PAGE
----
OAS Mission Says There Was No Fraud in Venezuelan Referendum

OAS observers at the recall referendum in Venezuela, Cesar Gaviria and Walter Pecly Moreira presented their report to the OAS, in which they said that they found no evidence of fraud during the referendum.

Caracas, August, 26, 2004 – Organization of American States (OAS) observers that supervised the Venezuelan presidential recall referendum reported to the OAS Permanent Council that there was no apparent fraud as has been claimed by Venezuelan opposition leaders.

Valter Pecly Moreira, the Permanent Representative from Brasil for the OAS and chief observer of the OAS mission during the Venezuelan referendum, made a verbal presentation congratulating Venezuelans for their civil behavior during the referendum and ratified the referendum results, saying that “there was no fraud in anything I observed.”

Moreira said that he believed there was no way fraud could have been perpetrated during the referendum.  “I am convinced that it was technically impossible to manipulate the electronic system that was used during the vote,” Moreira said, referring to allegations made by Venezuelan opposition leaders that the computers used during the referendum were tampered with.

Moreira said that due to claims of fraud expressed by Venezuelan opposition leaders, an audit was conducted of a random sample of 150 polling stations where OAS and Carter Center international observers found no evidence of fraud.  “We confirmed clearly the transparency and honesty of the process,” said Moreira.

The errors in the process according to Moreira’s report were based on organizational miscalculations such as not providing sufficient electronic systems to accommodate the large numbers of voters that participated in Venezuela’s first ever presidential referendum which drew the largest number voters in the country’s history.  More than 9.5 million Venezuelans voted to decide whether President Hugo Chavez should stay or leave office.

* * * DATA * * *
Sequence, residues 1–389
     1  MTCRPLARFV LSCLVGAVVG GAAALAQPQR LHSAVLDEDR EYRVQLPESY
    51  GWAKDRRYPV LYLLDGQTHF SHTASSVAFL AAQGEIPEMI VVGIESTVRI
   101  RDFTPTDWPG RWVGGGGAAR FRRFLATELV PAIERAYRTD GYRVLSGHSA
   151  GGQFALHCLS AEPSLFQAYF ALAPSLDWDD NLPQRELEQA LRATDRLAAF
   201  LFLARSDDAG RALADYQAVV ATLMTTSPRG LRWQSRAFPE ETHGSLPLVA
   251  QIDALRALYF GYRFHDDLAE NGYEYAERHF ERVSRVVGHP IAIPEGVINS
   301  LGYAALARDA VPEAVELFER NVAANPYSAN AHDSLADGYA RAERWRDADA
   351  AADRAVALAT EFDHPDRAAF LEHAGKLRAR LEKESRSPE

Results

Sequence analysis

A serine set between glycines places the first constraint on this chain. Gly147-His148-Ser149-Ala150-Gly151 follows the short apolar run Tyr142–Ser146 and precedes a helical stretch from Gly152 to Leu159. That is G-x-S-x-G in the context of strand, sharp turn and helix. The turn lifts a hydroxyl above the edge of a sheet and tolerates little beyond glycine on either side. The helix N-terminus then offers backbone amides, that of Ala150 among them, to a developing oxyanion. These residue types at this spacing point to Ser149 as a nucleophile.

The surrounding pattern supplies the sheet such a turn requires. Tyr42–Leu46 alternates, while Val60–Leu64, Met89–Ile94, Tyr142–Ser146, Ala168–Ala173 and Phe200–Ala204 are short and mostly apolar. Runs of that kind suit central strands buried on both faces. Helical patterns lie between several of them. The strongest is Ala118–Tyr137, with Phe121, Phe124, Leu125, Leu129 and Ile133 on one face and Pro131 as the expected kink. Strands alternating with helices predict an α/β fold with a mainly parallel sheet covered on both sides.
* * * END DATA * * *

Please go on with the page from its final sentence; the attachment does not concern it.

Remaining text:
Referendum results as ratified by the OAS and the Carter Center showed that more than 59% of voters opted to keep President Chavez in office.

The Permanent Council of the OAS postponed the adoption of a final resolution concerning the Venezuelan referendum after consensus could not be reached on a proposal which declared that everyone should “accept and respect the results of the presidential recall referendum,” and called for “abstaining from promoting violence,” as well as welcoming President Chavez’s offer to begin a national dialogue.

This proposal had the support of South America, the Caribbean and Canada.  The U.S. and some Central American countries opposed the proposal and as such it was blocked, since the OAS decision making process is based on consensus. 

The ambassador of the United States to the OAS, John Maisto, has asked to include that the referendum was filled with problems.